# Why do we only solve for $0$ on the numerator of this fraction?

I have this function where I need to find the $$x$$-intercepts I see they are $$x = 0, 4$$. And know that this is found by doing: $$x=0, (x-4) = 0$$ [Solve].

But why is this only done for the numerator?

• $\frac{a}{b}=0$ if and only if $a=0$ (and $b$ is not zero, as it would be undefined in that case). In your case $\frac{x(x-4)}{(x-1)(x-5)(x+2)}=0$ if and only if the numerator $x(x-4)$ is zero. The denominator equalling zero won't give the intercepts, but rather the locations of the vertical asymptotes or poles. – JMoravitz Oct 1 '19 at 1:24
• @JMoravitz would it be true to say that a fraction can only = 0 if numerator = 0? – Outsider Oct 1 '19 at 1:27
• Yes, again with the caveat that the denominator must be defined and nonzero there as well. – JMoravitz Oct 1 '19 at 1:29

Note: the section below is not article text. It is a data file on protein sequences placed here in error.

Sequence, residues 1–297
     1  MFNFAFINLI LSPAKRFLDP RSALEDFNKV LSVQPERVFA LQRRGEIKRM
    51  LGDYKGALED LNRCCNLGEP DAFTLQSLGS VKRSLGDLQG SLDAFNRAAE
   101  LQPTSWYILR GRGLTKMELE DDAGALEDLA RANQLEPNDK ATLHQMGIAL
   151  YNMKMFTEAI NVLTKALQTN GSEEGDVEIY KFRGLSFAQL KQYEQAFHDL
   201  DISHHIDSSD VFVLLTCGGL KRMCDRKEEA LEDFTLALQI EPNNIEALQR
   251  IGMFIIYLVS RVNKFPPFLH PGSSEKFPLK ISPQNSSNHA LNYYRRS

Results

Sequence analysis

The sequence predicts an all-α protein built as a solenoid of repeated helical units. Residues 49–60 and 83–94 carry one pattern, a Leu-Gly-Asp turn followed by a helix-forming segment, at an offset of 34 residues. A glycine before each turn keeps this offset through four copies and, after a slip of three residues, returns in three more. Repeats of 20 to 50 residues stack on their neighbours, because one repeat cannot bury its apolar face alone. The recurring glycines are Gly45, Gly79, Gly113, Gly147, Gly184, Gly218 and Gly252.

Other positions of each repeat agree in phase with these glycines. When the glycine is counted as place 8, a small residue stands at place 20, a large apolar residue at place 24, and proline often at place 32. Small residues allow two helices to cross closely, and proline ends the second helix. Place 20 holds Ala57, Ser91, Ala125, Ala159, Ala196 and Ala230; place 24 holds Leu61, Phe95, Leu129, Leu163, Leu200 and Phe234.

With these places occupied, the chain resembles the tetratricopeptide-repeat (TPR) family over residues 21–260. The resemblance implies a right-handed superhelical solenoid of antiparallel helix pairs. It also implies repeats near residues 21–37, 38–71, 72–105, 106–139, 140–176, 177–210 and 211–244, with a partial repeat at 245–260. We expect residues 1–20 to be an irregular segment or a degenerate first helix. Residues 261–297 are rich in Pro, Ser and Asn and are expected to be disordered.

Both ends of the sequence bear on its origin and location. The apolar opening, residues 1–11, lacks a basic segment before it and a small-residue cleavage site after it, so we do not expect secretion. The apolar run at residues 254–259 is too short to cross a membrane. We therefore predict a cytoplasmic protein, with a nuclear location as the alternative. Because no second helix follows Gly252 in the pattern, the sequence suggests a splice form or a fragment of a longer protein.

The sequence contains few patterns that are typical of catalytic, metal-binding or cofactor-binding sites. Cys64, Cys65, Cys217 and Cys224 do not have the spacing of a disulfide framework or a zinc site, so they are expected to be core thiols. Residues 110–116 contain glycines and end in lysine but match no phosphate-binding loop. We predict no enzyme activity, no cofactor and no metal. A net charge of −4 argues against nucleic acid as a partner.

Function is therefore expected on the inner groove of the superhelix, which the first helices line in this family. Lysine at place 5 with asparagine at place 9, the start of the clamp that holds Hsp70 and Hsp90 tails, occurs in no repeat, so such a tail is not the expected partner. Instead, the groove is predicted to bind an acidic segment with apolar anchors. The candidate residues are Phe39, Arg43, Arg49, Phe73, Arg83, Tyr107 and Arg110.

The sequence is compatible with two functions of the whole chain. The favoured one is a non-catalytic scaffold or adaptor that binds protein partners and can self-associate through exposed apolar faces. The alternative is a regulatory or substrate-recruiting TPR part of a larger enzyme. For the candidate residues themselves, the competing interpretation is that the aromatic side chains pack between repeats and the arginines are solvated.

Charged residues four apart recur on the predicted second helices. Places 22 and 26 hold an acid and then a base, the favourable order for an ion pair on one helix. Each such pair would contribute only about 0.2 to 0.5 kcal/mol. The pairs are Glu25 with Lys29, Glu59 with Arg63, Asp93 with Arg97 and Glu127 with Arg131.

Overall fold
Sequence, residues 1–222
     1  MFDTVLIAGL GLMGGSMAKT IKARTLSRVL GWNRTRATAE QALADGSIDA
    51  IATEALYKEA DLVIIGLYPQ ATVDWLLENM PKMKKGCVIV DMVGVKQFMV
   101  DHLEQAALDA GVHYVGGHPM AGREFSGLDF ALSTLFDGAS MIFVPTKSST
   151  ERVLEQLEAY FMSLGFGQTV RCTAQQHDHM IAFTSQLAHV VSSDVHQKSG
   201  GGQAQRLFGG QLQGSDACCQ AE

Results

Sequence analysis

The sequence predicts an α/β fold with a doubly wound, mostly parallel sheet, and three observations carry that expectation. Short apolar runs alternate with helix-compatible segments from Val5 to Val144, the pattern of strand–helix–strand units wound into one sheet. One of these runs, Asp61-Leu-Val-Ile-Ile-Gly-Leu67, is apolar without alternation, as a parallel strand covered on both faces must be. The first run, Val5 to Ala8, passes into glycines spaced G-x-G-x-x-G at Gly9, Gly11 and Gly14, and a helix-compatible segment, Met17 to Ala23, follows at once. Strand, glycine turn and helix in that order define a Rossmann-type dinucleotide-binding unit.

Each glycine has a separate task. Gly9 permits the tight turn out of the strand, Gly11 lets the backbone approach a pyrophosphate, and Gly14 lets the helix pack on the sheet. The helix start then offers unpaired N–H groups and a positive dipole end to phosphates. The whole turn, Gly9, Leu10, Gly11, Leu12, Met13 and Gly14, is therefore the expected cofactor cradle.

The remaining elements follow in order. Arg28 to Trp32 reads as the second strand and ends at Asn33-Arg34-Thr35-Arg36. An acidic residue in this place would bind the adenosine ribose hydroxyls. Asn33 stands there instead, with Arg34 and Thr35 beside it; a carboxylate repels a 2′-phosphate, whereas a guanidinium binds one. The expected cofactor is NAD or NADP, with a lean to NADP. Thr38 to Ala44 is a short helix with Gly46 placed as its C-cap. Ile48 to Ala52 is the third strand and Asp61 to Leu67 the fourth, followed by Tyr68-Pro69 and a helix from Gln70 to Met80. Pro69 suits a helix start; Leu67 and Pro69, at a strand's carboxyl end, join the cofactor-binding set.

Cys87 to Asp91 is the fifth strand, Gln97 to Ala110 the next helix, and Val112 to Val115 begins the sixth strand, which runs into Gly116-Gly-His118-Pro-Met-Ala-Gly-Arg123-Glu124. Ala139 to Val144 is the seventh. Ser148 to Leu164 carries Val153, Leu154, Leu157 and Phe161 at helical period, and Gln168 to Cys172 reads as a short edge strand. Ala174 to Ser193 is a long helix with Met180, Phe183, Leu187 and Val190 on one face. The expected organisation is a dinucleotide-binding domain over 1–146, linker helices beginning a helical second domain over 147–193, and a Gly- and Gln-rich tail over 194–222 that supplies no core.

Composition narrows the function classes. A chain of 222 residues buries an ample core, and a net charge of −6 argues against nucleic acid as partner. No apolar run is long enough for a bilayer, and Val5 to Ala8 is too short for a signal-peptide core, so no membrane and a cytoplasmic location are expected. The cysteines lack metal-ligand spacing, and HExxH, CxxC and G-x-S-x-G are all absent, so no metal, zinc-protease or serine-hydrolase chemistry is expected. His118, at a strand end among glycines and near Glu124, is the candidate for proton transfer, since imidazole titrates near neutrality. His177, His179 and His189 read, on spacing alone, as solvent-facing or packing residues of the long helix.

If you're asking why we set only the numerator equal to 0 and not the denominator, recall that $$0$$ divided by any nonzero number is $$0$$. Similarly, any number divided by $$0$$ is undefined.
Therefore in your case, the fraction is only equal to $$0$$ when its numerator is equal to $$0$$ and it's denominator is not equal to $$0$$, as having a denominator equal to $$0$$ (which is akin to dividing by $$0$$) would render the expression undefined.